What happens to our hopes and dreams?
We are full of them when we are children. We dream of good things; a happy home, a nice garden, a good job, children, families of our own. Success. Holidays in the sun. Travel. Real friends.
But what happens to those things as we grow up? We take our exams, we leave school, we have children, we go to work and have holidays but it never turns out quite the way we dreamt it would. Life as we dreamed it is bloody hard work. “Having a good job” means long hours in spent in the office or having a physically demanding role that exhausts us. “Being married” means having to compromise every decision you make so that you can live in harmony with someone else. “Having children” means the constant worry that is the natural phenomena of being a parent – is my child happy? Hungry? Hurting? Are they occupied? Are they learning? Are they safe?
We began doing “Experience Easter” in church yesterday with the children of Blackley. It is a program designed to tell the Easter story interactively, and we are working our way through three primary schools over the next two weeks. That’s about 1000 children (wow!!!). There are six stations that we use to tell the Easter story: Jesus arriving in Jerusalem, Jesus washing his disciple’s feet, the Last Supper, the Garden of Gethsemane, Jesus’ death on the cross and the Resurrection.
Part of the story involves the children thinking about their hopes and dreams, just as the people of Jerusalem would have done when Jesus arrived on his donkey 2000 years ago. Back then, they dreamed of a leader who would overthrow the brutal Roman occupation; they hoped Jesus would set them free from their tyranny. We asked the children about their hopes and dreams for the future yesterday. Their answers were perhaps not surprising: “I want to be a doctor”, “- a vet”, “- a beautician”, “go to college”, “have good qualifications”. One little boy got angry with me when I asked him the question. He shouted at me and waved his hands in the air, saying “I’ve got a lot on at the minute, I can’t think about the FUTURE!!!” (this from a 10 year old. Makes you wonder what his life is really like). I suggested that perhaps he hoped and dreamed of peace and some space in his life. He welled up and said “chance would be a fine thing”. So sad, but it does make you think about what hopes and dreams are to some people.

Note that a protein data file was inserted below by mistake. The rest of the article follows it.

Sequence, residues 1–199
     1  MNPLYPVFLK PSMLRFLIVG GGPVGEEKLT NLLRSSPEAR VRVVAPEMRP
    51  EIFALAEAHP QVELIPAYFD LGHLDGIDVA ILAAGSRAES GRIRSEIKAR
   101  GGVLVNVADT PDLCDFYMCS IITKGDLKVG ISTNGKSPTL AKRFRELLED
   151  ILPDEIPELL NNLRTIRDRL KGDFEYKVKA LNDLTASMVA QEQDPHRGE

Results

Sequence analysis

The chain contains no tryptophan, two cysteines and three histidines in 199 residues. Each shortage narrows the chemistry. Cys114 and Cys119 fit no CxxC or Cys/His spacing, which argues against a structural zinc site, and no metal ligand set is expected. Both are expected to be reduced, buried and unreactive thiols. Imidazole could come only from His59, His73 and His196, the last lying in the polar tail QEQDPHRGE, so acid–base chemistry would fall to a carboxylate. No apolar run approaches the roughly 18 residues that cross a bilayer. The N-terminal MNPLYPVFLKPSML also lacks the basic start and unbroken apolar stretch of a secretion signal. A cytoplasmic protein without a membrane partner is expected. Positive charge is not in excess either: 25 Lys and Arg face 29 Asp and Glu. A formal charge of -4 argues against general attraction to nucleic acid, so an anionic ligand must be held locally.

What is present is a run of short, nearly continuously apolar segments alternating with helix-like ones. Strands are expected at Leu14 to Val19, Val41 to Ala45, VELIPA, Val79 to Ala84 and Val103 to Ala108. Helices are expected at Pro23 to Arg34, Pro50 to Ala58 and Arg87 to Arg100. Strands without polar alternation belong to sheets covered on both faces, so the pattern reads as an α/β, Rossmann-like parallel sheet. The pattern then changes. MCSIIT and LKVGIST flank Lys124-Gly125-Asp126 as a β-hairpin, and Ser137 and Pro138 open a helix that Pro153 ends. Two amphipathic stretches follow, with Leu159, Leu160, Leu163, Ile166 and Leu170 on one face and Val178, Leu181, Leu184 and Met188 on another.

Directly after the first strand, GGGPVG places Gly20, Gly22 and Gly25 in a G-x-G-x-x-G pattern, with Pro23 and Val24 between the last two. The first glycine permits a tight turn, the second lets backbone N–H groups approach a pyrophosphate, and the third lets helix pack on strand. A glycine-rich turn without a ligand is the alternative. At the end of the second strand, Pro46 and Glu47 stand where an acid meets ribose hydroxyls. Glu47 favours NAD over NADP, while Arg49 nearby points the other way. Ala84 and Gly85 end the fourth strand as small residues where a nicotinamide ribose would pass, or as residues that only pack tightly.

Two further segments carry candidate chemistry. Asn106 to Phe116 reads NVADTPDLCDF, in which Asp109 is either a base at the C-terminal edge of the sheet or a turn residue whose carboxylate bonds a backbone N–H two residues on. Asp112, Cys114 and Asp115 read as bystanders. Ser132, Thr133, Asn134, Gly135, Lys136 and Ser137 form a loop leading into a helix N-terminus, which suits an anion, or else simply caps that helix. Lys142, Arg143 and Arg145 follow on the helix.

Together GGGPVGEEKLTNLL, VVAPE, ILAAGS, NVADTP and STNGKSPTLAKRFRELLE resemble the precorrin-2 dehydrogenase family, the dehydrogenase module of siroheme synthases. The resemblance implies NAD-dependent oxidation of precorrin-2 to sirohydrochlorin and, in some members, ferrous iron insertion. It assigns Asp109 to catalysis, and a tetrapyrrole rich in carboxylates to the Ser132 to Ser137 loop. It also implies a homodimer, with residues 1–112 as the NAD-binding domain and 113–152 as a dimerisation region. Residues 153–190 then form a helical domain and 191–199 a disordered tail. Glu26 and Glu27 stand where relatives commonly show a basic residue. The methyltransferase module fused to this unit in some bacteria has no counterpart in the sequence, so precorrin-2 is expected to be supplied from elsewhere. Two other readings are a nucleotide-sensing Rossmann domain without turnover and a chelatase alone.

I thought about everything the children said to me yesterday. Mums were having new babies, there was turbulence at home etc but there was an underlying thread in what they all said and that was that they wanted to be successful.
I wondered about how as adults we sometimes lose sight of that childlike desire and how we let everyday things dominate us. Maybe we should be more like children and instead of hoping and dreaming of things, concentrate on hoping and dreaming of the way to just be.